Please use this identifier to cite or link to this item: http://hdl.handle.net/1893/7555
Appears in Collections:Faculty of Health Sciences and Sport Journal Articles
Peer Review Status: Refereed
Title: Mixed muscle protein synthesis and breakdown after resistance exercise in humans
Authors: Phillips, Stuart M
Tipton, Kevin
Aarsland, Asle A
Wolf, Steven E
Wolfe, Robert R
Contact Email: k.d.tipton@stir.ac.uk
Keywords: hypertrophy
muscle damage
fractional synthetic rate
fractional breakdown rate
Issue Date: Jul-1997
Publisher: American Physiological Society
Citation: Phillips SM, Tipton K, Aarsland AA, Wolf SE & Wolfe RR (1997) Mixed muscle protein synthesis and breakdown after resistance exercise in humans, American Journal of Physiology - Endocrinology and Metabolism, 273 (1), pp. E99-E107.
Abstract: Mixed muscle protein fractional synthesis rate (FSR) and fractional breakdown rate (FBR) were examined after an isolated bout of either concentric or eccentric resistance exercise. Subjects were eight untrained volunteers (4 males, 4 females). Mixed muscle protein FSR and FBR were determined using primed constant infusions of [2H5]phenylalanine and 15N-phenylalanine, respectively. Subjects were studied in the fasted state on four occasions: at rest and 3, 24, and 48 h after a resistance exercise bout. Exercise was eight sets of eight concentric or eccentric repetitions at 80% of each subject's concentric 1 repetition maximum. There was no significant difference between contraction types for either FSR, FBR, or net balance (FSR minus FBR). Exercise resulted in significant increases above rest in muscle FSR at all times: 3 h = 112%, 24 h = 65%, 48 h = 34% (P less than 0.01). Muscle FBR was also increased by exercise at 3 h (31%; P less than 0.05) and 24 h (18%; P less than 0.05) postexercise but returned to resting levels by 48 h. Muscle net balance was significantly increased after exercise at all time points [(in %/h) rest = -0.0573 +/- 0.003 (SE), 3 h = -0.0298 +/- 0.003, 24 h = -0.0413 +/- 0.004, and 48 h = -0.0440 +/- 0.005], and was significantly different from zero at all time points (P less than 0.05). There was also a significant correlation between FSR and FBR (r = 0.88, P less than 0.001). We conclude that exercise resulted in an increase in muscle net protein balance that persisted for up to 48 h after the exercise bout and was unrelated to the type of muscle contraction performed.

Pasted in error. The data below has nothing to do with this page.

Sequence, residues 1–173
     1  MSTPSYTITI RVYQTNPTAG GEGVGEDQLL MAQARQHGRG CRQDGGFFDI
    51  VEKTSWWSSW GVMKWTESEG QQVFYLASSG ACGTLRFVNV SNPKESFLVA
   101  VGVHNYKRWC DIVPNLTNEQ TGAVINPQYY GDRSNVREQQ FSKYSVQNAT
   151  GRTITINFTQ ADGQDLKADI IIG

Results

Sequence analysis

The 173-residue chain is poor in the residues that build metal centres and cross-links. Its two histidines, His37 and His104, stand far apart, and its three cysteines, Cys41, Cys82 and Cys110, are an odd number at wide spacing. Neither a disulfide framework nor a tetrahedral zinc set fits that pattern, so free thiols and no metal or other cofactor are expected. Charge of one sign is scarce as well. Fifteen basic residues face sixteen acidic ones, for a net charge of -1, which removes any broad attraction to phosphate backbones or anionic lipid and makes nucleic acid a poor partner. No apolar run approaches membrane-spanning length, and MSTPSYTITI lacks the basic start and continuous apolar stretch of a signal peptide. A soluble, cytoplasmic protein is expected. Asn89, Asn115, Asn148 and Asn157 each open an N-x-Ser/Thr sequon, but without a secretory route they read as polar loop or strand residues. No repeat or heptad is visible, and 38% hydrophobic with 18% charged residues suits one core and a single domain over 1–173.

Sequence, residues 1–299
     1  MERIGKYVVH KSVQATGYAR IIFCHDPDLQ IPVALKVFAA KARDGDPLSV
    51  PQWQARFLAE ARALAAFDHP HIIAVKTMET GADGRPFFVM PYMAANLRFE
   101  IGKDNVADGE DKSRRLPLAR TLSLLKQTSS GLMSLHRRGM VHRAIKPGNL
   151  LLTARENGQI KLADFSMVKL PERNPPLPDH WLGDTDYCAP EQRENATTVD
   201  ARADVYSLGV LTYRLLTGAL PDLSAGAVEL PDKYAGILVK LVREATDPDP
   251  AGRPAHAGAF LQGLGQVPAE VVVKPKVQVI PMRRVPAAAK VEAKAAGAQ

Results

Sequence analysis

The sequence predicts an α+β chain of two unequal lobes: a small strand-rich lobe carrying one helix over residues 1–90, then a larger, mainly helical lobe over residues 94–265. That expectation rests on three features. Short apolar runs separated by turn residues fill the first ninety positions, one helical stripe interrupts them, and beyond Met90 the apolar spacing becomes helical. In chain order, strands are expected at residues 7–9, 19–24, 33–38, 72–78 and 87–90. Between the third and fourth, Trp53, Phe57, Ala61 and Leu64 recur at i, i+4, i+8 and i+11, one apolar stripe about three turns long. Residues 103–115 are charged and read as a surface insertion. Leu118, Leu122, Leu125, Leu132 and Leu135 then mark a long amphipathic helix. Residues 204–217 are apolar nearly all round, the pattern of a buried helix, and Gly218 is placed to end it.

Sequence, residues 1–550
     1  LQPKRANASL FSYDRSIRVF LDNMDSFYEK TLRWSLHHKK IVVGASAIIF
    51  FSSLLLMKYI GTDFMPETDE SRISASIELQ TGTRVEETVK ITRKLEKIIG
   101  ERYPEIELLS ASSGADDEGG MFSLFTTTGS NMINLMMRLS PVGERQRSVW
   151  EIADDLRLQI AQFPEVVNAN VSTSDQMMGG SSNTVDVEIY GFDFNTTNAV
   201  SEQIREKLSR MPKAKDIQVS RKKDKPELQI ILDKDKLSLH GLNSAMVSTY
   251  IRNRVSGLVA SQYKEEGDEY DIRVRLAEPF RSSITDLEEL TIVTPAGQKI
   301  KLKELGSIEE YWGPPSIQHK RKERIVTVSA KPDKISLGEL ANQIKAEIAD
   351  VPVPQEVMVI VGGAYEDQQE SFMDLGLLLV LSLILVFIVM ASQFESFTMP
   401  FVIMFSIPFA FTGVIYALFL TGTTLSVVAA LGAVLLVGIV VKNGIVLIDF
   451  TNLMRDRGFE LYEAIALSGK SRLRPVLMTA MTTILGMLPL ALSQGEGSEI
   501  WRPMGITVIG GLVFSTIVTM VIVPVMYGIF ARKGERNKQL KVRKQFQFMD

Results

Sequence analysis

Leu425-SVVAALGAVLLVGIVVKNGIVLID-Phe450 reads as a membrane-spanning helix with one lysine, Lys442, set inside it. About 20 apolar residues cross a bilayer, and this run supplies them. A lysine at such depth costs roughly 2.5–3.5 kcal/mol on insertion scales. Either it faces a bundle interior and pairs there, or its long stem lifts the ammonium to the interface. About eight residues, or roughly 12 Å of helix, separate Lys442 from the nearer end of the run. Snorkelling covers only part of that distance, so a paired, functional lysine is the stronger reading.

Type: Journal Article
URI: http://hdl.handle.net/1893/7555
URL: http://ajpendo.physiology.org/content/273/1/E99.abstract
Rights: The publisher does not allow this work to be made publicly available in this Repository. Please use the Request a Copy feature at the foot of the Repository record to request a copy directly from the author. You can only request a copy if you wish to use this work for your own research or private study.
Affiliation: University of Texas
Sport
University of Texas Medical Branch
University of Texas Medical Branch
University of Texas

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